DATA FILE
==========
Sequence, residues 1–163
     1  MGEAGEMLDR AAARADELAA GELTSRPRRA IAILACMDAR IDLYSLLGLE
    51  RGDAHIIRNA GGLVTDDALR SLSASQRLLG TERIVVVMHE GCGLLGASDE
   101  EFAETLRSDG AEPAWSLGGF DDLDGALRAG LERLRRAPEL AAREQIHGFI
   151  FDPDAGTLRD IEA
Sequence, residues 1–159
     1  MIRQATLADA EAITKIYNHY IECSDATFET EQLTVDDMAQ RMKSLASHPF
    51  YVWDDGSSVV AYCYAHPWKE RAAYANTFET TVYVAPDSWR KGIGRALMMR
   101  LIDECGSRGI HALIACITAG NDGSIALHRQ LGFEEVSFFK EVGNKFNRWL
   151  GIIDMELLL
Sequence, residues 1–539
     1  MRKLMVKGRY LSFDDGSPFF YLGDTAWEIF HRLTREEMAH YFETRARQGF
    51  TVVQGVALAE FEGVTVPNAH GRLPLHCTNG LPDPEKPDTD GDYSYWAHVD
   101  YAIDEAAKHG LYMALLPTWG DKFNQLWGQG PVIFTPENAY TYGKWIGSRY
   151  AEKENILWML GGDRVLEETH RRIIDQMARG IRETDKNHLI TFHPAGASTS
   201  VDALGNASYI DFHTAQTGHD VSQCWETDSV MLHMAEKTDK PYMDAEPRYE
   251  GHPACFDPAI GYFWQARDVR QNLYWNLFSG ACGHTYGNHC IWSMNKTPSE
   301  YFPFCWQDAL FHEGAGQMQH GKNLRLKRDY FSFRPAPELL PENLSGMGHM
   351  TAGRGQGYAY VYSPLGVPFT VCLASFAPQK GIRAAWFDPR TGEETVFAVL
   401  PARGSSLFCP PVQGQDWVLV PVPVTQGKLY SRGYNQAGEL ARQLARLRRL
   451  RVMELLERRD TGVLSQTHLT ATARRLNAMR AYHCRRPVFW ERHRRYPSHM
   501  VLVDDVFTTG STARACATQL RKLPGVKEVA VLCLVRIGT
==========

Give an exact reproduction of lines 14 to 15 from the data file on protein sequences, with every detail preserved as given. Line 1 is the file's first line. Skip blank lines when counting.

   101  YAIDEAAKHG LYMALLPTWG DKFNQLWGQG PVIFTPENAY TYGKWIGSRY
   151  AEKENILWML GGDRVLEETH RRIIDQMARG IRETDKNHLI TFHPAGASTS